As prey, marine mammals have had to escape aquatic and terrestrial predators. Some species of pinnipeds for example, are particularly vulnerable to predation by bears and wolves while on land, and to predation by killer whales Orcinus orca and sharks while in the water. Thus some species of pinnipeds can reduce their risk of being eaten by aquatic predators by hauling out and resting onshore.

predator and prey relationship of ocean biome

Similarly, species such as Steller sea lions Eumetopias jubatus and northern fur seals Callorhinus ursinus reduce their risk of being eaten by terrestrial predators by breeding and hauling out on offshore rocks and islands where terrestrial predators are absent. Other species, such as ringed seals Pusa hispidagive birth in caverns formed between ice and snow to avoid predation by polar bears Ursus maritimus.

Figure 1 A simplified depiction of the Bering Seafood web: Fish and other cold-blooded species of prey have evolved a number of strategies to increase their chances of survival.

One is cryptic countershading that enables fish to blend in with the bottom when viewed from above, and avoid detection when seen from below against a bright sea surface.

Many species of fish, invertebrates, and zooplankton take refuge from predators in the deep, dark waters during the day and move toward the surface to feed under the cover of night.

Another strategy evoked by the prey of marine mammals is predator swamping, such as large aggregations of spawning salmon and herring that reduce the numerical effect of predators on their prey populations. Schooling is another antipredator behavior that creates confusion through the sheer volume of stimuli from a fleeing school, making it difficult for a marine mammal to actively select and maintain pursuit of single individuals. Scattering and fleeing is yet another option to reduce predation and is used by some prey when attacked by bulk feeders such as baleen whales e.

The line between feeding and fleeing is undoubtedly fine for species of prey and must be continually evaluated by prey to minimize vulnerability to predation. Marine mammals may also have indirectly influenced the evolution of nontargeted species in their ecosystems by consuming the predators of these species. The best example of this is the apparent influence of sea otters Enhidra lutris on kelp and other marine algae.

Most species of marine algae use secondary metabolites to defend against herbivores. However, marine algae in the North Pacific have lower levels of chemical defenses where sea otters occur compared to algae species inhabiting the southern oceans where sea otters are not present.

predator and prey relationship of ocean biome

Sea otter predation on sea urchins and other herbivores may have removed selective pressure for species of marine algae to defend themselves against herbivores. Because secondary metabolites are expensive to produce, this may have allowed algae, like kelp, to radiate and diversify without the added cost of evolving and producing antigrazer compounds. Ecological Time Scales On a shorter time scale than the evolutionary one, predators and prey can directly affect the relative abundance of each other, or they can indirectly affect the abundance of other species.

Their interaction may also affect the physical complexity of the marine environment. Predation by sea otters on sea urchins is probably die best example of how marine mammals can alter ecosystem structure and dynamics. Sea otters were hunted to near extinction in the late s throughout their North Pacific range. Without predation, urchin populations grew unchecked and overgrazed the fleshy algae.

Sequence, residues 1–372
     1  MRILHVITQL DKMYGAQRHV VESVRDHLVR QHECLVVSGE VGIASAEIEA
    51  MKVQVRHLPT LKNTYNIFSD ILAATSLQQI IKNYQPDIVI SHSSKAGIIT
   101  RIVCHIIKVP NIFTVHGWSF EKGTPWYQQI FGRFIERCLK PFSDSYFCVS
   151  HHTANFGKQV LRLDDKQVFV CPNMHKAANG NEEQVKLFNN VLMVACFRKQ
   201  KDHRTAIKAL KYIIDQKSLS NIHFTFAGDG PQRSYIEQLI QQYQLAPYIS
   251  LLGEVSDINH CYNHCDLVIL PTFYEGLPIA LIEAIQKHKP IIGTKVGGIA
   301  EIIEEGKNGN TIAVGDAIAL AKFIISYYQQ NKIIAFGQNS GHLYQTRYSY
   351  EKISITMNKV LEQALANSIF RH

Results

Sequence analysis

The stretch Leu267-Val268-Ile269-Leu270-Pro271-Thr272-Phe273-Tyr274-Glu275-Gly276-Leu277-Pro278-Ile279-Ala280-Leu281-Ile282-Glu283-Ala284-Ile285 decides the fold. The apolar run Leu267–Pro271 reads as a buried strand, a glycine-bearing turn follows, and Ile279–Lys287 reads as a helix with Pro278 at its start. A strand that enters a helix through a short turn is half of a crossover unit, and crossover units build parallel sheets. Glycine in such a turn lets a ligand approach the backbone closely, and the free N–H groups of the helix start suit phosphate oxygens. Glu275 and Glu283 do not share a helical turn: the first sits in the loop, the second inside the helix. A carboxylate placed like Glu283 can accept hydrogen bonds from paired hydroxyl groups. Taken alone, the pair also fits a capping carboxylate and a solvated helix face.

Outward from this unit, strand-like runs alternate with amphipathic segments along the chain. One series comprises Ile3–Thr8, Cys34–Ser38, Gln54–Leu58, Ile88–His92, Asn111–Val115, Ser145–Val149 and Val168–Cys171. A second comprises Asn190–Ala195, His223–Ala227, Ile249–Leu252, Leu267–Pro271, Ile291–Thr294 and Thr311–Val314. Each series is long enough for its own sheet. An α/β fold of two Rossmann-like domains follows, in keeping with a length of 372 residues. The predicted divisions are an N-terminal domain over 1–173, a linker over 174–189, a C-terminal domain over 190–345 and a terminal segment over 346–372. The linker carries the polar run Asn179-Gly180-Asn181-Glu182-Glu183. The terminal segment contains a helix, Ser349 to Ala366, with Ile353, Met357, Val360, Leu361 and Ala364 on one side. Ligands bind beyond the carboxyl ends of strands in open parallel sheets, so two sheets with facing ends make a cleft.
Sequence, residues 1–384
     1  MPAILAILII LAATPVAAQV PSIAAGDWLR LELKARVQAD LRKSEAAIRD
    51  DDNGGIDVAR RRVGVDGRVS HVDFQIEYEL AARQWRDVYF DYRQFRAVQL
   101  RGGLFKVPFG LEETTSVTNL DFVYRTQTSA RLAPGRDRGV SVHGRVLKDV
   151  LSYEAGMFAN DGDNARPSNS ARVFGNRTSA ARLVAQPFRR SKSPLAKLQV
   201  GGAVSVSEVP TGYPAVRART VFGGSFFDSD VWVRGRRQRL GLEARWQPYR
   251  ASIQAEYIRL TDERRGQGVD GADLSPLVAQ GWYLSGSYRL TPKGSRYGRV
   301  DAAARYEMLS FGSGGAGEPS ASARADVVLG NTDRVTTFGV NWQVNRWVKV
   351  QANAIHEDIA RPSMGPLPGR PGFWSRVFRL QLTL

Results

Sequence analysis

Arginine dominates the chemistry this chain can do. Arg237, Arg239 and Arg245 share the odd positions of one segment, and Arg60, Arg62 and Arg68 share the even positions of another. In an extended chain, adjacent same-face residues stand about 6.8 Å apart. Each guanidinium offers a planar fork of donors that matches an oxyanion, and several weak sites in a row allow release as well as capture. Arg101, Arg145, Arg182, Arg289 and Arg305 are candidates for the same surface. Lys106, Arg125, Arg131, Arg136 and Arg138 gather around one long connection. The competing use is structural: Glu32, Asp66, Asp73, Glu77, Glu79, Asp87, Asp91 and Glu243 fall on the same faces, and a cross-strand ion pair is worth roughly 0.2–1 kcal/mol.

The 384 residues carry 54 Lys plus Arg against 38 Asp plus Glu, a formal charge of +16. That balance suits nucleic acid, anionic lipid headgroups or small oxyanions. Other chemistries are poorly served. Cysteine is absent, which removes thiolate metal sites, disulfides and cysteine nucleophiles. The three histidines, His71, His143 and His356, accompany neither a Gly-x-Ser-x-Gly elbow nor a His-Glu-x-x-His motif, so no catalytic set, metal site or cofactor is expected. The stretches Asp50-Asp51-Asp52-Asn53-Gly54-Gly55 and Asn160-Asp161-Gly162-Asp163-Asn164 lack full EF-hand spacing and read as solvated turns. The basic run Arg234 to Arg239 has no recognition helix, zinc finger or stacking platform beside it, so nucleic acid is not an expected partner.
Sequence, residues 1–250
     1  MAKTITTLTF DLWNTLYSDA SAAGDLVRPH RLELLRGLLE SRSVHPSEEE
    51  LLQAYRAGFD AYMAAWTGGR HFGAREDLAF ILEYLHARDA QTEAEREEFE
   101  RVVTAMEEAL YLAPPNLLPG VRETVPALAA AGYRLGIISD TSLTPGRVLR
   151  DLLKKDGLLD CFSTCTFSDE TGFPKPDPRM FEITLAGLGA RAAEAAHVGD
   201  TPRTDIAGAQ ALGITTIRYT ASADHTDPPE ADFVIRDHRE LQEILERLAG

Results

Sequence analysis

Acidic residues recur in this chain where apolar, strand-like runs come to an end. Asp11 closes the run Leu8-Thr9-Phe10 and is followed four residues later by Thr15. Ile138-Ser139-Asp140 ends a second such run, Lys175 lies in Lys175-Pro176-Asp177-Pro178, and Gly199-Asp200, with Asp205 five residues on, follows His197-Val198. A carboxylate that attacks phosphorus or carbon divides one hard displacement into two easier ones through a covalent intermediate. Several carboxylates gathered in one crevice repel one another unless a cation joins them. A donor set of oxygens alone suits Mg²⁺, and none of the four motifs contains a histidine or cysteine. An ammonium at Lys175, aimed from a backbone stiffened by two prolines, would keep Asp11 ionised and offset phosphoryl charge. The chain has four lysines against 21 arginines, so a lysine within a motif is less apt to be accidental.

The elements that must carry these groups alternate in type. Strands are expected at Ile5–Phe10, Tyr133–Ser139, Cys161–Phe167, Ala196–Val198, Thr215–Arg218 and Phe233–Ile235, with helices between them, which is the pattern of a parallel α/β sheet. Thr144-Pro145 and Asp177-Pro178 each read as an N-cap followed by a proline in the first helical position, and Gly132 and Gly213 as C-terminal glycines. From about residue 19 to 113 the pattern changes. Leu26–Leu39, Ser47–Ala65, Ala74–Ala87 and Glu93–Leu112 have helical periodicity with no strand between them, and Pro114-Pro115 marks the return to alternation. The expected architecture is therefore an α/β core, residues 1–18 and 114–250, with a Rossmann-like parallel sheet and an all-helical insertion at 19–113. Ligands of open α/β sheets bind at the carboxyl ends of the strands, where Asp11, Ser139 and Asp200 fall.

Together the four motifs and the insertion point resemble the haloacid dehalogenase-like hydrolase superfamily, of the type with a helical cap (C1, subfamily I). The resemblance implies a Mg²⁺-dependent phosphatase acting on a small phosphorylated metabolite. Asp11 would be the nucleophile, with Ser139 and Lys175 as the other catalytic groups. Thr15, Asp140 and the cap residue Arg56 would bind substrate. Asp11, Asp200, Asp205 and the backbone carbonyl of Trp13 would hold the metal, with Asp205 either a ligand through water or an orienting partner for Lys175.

Kelp did not replace the underwater barrens until reintroduced sea otters once again began preying upon sea urchins. Primary production has been estimated to be three times higher in areas where sea otters are present compared to those areas where sea otters are absent, allowing those organisms that feed upon primary production to grow faster and attain larger sizes e.

The increase in primary production may even alter settlement patterns of invertebrates. The kelp also provides habitat for fish and suspension-feeding invertebrates to spawn, grow, and flourish. It can also change water motion and reduce onshore erosion and may even block the shoreward movement of barnacle larvae.

Thus a top predator such as the sea otter can change the structure and dynamics of marine ecosystems. Gray whales Eschrichtius robiistus and walruses Odobenus rosmarus are other species of marine mammals whose foraging behavior can also affect community structure. The feeding pits created by gray whales draw times more scavengers and other invertebrates compared to adjacent sediments.

The disturbed sediments may also help maintain the high abundance of gray whale prey and other early colonizing species. Similarly, walruses turn over bottom substrate in their search for clams and other bivalves.

There is some evidence that they may feed selectively on certain size classes and certain species and that their defecation may result in the redistribution of sediment.

Thus, the interaction of benthic feeding marine mammals with their prey can result in food for scavengers and habitat for other species. Interactions between predators and prey also influence the shapes of their respective life tables i.

predator and prey relationship of ocean biome

In Quebec, Canada, for example, there are a number of freshwater lakes that are home to land-locked harbor seals Phocavitulirw. Studies have found that the trout in these lakes are younger, grow faster, attain smaller sizes, and spawn at younger ages compared to adjacent lakes without seals.

As for marine mammals, they typically have elevated mortality rates during their first few years of life. This is likely due to a number of factors, including their relative vulnerability to predators and their inexperience at capturing prey and securing optimum nutrition. In the Gulf of Alaska and Bering Sea, killer whales have been implicated as a contributing factor, but not the main one, in the decline of Steller sea lions and harbor seals through the s.